What to expect from Kirk Cousins, Vikings' offense with Gary Kubiak calling plays

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MINNEAPOLIS -- Gary Kubiak's return to playcalling comes under fairly ideal circumstances despite the challenges of a truncated offseason during a global pandemic.

The Minnesota Vikings are coming off a season in which they ranked 10th in offensive efficiency running the scheme of Kubiak, who was an offensive advisor in 2019. He helped orchestrate a bounce-back season from quarterback Kirk Cousins, who finished with a 107.4 passer rating, the second-highest mark by a Vikings QB.

Now the offensive coordinator after the Cleveland Browns hired Kevin Stefanski as head coach, Kubiak doesn't have to deal with much turnover. Outside of the departures of wide receiver Stefon Diggs and right guard Josh Kline, much of the personnel on offense remains the same.

Minnesota is banking on Kubiak to take this group another step further by retaining his scheme, inheriting playcalling duties and giving the Vikings some needed stability at offensive coordinator.

Even with his experience, Kubiak has been getting reps to make sure he'll be up to speed after three seasons away from calling plays.

"I scripted throughout the whole offseason, just for me, for my discipline, making myself script and think every day because that's what I did for 20-some-odd years as a playcaller," Kubiak said. "Getting back in a rhythm, getting back talking to the quarterbacks every play. Coaching's no different than playing. You've got to get back in your routine. You need the practice time, so I need these six weeks just like anybody else."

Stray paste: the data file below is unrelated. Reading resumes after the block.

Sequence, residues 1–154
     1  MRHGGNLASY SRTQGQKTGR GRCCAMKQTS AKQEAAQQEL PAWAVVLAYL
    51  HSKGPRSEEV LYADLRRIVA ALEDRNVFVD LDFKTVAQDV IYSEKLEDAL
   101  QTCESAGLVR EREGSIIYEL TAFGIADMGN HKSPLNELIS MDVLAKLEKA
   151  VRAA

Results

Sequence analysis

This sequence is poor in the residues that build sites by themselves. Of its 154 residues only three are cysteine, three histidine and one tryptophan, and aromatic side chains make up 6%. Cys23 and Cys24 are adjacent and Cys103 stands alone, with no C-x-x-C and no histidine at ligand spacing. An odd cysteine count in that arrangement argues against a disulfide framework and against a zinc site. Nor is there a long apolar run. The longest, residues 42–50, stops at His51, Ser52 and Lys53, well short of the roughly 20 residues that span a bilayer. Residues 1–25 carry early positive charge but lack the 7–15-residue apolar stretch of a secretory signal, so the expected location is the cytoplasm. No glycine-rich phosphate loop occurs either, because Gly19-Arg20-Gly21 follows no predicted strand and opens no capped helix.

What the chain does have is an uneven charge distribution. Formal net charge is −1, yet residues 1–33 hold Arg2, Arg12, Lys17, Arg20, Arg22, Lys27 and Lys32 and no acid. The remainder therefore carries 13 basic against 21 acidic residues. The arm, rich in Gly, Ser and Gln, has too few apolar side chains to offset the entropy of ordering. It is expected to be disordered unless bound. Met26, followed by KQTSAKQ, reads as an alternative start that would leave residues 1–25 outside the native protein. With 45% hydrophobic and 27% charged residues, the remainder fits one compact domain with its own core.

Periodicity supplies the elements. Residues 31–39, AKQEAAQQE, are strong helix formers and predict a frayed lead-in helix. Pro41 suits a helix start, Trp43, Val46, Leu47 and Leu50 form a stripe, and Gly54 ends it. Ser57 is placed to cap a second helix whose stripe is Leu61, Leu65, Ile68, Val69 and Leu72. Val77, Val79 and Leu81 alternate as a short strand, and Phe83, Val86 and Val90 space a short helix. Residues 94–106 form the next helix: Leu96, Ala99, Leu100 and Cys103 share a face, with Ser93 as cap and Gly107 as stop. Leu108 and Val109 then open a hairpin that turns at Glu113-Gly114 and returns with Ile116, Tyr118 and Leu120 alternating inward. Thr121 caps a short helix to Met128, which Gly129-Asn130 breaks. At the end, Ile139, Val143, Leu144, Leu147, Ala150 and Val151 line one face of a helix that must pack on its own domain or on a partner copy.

Cousins is no stranger to the process of getting on the same page with an offensive coordinator -- he's had five in the past five seasons.

"It's more similar than different," Cousins said of his relationship with Kubiak now versus when he was offensive advisor in 2019. "He kind of still keeps that view from 30,000 feet where he's just observing. He'll speak into things when he has a thought, but at the same time he's letting [quarterbacks coach] Klint [Kubiak] and Rico [Dennison], our offensive-line coach, really also handle their territory as well.

"Gary is obviously the voice in meetings, where Kevin was that voice last year. So, I guess you're hearing his voice a lot more in meeting times. But on the practice field, you know really Klint is my first point of contact on a day-to-day basis and that's really felt more similar than different, which is probably a good thing to keep things as consistent as we can."

The challenges for Kubiak in helping Cousins, who won his first career playoff game last season, take the next step includes a wide receiver group lacking experience outside of Adam Thielen and the time to build on-field chemistry with their quarterback.

Yet the shortcomings of a receivers group in a soft rebuild isn't what Cousins sees as his biggest challenge.